The micromechanical environment of intervertebral disc cells determined by a finite deformation, anisotropic, and biphasic finite element model.
Comparative Study, Evaluation Studies, In Vitro, Journal Article, Research Support, Non-U.S. Gov't, Research Support, U.S. Gov't, Non-P.H.S., Research Support, U.S. Gov't, P.H.S., Validation Studies
Cellular response to mechanical loading varies between the anatomic zones of the intervertebral disc. This difference may be related to differences in the structure and mechanics of both cells and extracellular matrix, which are expected to cause differences in the physical stimuli (such as pressure, stress, and strain) in the cellular micromechanical environment. In this study, a finite element model was developed that was capable of describing the cell micromechanical environment in the intervertebral disc. The model was capable of describing a number of important mechanical phenomena: flow-dependent viscoelasticity using the biphasic theory for soft tissues; finite deformation effects using a hyperelastic constitutive law for the solid phase; and material anisotropy by including a fiber-reinforced continuum law in the hyperelastic strain energy function. To construct accurate finite element meshes, the in situ geometry of IVD cells were measured experimentally using laser scanning confocal microscopy and three-dimensional reconstruction techniques. The model predicted that the cellular micromechanical environment varies dramatically between the anatomic zones, with larger cellular strains predicted in the anisotropic anulus fibrosus and transition zone compared to the isotropic nucleus pulposus. These results suggest that deformation related stimuli may dominate for anulus fibrosus and transition zone cells, while hydrostatic pressurization may dominate in the nucleus pulposus. Furthermore, the model predicted that micromechanical environment is strongly influenced by cell geometry, suggesting that the geometry of IVD cells in situ may be an adaptation to reduce cellular strains during tissue loading.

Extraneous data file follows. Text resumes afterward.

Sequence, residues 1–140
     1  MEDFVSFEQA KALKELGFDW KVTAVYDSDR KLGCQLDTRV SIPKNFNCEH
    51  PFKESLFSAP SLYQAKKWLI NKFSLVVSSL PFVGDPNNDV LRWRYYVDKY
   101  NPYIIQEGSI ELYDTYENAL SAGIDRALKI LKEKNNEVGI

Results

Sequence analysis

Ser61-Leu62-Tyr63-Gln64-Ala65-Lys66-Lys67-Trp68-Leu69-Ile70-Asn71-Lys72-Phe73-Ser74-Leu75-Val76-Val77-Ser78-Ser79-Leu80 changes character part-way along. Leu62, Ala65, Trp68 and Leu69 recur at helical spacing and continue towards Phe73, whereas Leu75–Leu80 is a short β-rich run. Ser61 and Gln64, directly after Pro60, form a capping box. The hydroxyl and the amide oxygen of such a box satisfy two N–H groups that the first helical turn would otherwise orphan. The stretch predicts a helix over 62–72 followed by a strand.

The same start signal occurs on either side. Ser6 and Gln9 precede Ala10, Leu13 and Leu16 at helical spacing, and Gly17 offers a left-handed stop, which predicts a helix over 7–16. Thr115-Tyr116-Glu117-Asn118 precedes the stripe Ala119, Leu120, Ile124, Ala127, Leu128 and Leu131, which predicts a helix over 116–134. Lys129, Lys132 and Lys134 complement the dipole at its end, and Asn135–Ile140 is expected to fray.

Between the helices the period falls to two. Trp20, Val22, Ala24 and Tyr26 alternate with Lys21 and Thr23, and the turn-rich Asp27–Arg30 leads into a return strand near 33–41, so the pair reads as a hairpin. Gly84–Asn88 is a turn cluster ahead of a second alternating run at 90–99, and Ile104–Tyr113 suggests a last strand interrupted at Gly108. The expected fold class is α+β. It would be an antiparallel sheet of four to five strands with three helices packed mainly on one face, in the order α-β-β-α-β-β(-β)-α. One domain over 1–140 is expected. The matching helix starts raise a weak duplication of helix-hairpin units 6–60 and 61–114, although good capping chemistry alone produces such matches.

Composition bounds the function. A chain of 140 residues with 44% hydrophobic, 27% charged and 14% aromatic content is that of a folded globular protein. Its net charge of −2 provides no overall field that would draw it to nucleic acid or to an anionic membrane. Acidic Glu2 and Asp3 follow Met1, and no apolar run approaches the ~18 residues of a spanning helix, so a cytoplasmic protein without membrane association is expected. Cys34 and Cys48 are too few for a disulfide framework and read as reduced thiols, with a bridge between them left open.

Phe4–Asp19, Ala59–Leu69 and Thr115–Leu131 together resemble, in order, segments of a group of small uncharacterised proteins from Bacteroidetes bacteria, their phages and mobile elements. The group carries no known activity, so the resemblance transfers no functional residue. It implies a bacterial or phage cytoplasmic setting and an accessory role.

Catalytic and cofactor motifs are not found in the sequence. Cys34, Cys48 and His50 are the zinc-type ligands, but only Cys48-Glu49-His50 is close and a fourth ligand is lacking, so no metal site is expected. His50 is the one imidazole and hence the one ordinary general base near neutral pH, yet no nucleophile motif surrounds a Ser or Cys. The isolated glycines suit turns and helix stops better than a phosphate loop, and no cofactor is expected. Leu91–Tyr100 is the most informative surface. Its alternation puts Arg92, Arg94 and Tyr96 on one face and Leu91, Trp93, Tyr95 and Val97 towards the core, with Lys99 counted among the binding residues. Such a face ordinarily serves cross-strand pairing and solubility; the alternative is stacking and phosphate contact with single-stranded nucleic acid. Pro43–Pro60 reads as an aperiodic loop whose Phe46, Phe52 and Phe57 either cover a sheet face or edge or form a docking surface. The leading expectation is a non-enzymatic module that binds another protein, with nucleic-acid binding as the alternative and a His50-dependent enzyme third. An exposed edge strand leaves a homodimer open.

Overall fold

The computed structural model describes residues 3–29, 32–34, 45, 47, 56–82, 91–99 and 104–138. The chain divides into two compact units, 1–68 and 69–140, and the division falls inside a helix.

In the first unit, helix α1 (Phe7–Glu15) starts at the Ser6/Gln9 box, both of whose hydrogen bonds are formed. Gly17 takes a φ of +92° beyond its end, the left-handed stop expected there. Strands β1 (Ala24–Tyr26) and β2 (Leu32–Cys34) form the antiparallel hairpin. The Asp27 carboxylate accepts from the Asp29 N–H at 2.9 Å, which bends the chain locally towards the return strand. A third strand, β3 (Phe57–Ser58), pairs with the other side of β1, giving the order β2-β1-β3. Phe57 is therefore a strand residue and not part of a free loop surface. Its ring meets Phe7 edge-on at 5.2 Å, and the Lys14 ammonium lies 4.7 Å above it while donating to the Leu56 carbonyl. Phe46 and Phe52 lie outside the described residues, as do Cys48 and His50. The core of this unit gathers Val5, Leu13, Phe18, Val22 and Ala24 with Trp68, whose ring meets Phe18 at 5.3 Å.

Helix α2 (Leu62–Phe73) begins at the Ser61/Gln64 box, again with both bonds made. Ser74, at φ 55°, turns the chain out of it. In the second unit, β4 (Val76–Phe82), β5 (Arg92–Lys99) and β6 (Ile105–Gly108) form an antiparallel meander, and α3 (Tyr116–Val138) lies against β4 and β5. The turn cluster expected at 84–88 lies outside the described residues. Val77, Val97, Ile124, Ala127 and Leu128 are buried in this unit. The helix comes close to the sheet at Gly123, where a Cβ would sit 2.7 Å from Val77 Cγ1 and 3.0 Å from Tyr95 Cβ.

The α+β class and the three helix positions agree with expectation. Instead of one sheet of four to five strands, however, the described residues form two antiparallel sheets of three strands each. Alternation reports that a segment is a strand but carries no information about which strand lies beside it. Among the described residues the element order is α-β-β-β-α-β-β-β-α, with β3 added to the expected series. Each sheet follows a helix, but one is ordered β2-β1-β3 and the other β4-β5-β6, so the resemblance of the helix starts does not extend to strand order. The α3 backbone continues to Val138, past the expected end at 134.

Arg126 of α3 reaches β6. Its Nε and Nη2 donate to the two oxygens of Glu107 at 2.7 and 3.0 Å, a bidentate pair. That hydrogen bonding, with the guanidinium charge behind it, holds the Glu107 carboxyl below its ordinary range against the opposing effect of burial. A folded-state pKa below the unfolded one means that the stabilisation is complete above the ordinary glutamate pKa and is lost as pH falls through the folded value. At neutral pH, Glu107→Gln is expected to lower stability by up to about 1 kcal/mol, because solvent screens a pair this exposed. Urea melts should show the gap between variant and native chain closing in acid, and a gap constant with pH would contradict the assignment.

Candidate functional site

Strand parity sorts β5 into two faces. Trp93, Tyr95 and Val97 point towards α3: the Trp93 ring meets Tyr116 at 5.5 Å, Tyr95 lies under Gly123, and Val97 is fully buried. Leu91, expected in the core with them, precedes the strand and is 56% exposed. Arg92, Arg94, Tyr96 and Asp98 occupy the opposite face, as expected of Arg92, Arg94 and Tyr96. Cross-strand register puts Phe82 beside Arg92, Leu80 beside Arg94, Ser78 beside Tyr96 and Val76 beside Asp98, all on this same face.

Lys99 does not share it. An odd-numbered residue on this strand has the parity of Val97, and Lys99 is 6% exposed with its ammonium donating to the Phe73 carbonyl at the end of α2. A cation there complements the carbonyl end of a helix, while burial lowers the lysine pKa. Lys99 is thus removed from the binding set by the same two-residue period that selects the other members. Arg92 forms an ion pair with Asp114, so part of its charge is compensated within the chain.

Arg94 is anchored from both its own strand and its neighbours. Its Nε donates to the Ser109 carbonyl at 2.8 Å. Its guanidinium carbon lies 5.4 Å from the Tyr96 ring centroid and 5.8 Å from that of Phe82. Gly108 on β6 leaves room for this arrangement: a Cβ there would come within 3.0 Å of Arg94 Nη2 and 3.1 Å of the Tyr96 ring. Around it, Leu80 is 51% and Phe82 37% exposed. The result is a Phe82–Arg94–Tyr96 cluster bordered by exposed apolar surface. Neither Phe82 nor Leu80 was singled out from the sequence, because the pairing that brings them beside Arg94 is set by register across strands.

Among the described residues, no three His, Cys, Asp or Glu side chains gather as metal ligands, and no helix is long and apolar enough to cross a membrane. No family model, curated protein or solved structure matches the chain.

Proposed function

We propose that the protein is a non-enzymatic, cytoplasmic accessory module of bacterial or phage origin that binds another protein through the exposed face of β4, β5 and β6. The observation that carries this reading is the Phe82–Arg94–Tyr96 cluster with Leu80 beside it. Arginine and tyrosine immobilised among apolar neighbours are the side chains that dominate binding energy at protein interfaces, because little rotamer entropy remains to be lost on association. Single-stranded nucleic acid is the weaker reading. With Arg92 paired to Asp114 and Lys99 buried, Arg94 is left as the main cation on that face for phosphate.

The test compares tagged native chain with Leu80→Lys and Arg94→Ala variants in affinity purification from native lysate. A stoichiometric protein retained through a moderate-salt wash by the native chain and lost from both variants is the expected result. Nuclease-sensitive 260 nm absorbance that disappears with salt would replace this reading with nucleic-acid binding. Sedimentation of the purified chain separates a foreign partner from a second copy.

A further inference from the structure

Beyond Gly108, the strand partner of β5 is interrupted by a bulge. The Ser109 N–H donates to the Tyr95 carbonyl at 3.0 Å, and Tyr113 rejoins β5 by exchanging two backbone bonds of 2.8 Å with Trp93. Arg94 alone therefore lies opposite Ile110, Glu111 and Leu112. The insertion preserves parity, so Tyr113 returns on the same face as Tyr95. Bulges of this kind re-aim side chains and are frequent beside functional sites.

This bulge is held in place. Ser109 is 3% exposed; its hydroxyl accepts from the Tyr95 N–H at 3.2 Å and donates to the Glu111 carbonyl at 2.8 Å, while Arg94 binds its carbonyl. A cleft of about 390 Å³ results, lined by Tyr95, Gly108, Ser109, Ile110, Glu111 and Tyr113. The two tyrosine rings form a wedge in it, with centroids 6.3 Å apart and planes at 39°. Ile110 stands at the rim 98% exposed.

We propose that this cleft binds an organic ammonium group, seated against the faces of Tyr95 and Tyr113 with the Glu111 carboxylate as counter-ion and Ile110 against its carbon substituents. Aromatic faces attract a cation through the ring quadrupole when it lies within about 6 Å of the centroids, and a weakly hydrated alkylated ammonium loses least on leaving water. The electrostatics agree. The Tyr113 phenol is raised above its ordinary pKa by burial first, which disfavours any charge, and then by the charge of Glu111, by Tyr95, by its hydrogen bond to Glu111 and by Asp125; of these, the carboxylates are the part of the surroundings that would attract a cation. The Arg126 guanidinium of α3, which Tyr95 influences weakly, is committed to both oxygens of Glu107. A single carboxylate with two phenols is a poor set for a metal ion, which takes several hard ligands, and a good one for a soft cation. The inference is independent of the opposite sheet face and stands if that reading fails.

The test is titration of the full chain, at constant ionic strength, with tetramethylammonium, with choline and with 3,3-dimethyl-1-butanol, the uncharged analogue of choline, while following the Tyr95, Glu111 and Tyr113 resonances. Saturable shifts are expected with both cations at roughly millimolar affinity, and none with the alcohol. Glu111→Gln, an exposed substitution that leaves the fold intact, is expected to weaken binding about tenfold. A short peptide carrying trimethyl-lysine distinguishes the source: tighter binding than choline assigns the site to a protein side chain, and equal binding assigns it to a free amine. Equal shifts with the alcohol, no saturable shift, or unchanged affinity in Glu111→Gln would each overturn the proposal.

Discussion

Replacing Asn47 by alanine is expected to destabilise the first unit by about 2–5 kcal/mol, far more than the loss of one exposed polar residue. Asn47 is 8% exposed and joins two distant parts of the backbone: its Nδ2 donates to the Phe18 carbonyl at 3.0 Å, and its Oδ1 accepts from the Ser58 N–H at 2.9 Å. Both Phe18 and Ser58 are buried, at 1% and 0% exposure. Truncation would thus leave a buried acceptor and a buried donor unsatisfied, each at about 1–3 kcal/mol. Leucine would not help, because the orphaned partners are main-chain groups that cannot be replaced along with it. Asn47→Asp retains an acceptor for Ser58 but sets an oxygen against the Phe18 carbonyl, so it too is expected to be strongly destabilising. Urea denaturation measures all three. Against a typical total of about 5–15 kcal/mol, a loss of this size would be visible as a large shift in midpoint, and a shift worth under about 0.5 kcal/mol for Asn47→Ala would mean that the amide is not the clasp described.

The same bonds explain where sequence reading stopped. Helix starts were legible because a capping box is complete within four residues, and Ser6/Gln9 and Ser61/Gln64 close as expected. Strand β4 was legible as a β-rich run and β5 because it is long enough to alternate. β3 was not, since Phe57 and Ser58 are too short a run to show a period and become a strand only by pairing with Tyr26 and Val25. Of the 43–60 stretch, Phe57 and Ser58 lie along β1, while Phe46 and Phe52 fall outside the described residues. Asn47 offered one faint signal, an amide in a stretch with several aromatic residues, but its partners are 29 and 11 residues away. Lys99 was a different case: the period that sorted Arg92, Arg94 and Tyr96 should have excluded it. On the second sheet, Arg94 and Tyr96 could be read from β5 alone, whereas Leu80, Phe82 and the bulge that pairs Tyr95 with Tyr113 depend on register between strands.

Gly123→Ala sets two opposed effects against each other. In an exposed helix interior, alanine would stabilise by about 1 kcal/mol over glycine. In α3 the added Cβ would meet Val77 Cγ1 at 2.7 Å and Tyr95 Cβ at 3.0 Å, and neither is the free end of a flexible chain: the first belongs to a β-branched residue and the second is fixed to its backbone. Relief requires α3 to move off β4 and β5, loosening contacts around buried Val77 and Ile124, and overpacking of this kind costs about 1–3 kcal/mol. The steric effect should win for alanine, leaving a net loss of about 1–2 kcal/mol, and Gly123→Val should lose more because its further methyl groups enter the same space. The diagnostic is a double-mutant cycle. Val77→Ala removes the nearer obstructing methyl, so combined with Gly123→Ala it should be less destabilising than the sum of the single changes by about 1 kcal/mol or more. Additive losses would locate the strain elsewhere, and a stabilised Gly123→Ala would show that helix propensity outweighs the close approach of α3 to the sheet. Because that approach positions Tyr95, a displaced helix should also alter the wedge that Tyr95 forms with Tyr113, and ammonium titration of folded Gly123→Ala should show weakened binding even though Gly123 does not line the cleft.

Baer, AE; Laursen, TA; Guilak, F; Setton, LA
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